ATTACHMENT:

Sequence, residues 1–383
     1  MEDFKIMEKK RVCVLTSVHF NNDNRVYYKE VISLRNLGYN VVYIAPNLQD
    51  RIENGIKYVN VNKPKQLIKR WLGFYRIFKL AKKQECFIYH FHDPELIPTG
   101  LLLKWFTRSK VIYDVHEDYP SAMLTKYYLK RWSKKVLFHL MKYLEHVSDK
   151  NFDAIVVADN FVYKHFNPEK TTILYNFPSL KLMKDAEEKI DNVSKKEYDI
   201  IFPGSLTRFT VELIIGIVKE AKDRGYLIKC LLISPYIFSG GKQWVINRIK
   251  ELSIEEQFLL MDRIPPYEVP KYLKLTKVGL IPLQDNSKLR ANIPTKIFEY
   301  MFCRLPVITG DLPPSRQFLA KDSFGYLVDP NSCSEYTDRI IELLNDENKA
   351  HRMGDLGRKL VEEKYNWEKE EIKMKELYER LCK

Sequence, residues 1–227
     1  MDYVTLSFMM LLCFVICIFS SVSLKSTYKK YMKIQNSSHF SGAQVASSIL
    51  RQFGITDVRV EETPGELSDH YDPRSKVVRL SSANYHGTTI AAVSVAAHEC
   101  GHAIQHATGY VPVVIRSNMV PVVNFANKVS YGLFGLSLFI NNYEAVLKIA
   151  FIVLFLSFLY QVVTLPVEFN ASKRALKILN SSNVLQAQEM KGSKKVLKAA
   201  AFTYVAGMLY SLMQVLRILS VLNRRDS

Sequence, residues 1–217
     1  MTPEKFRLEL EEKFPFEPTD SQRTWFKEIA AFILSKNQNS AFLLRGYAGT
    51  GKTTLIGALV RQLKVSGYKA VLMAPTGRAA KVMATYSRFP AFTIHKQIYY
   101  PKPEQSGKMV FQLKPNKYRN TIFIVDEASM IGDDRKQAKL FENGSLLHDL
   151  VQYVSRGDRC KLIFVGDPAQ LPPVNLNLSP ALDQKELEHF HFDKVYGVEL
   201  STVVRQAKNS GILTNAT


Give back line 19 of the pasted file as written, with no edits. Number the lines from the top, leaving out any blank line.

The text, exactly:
   101  PKPEQSGKMV FQLKPNKYRN TIFIVDEASM IGDDRKQAKL FENGSLLHDL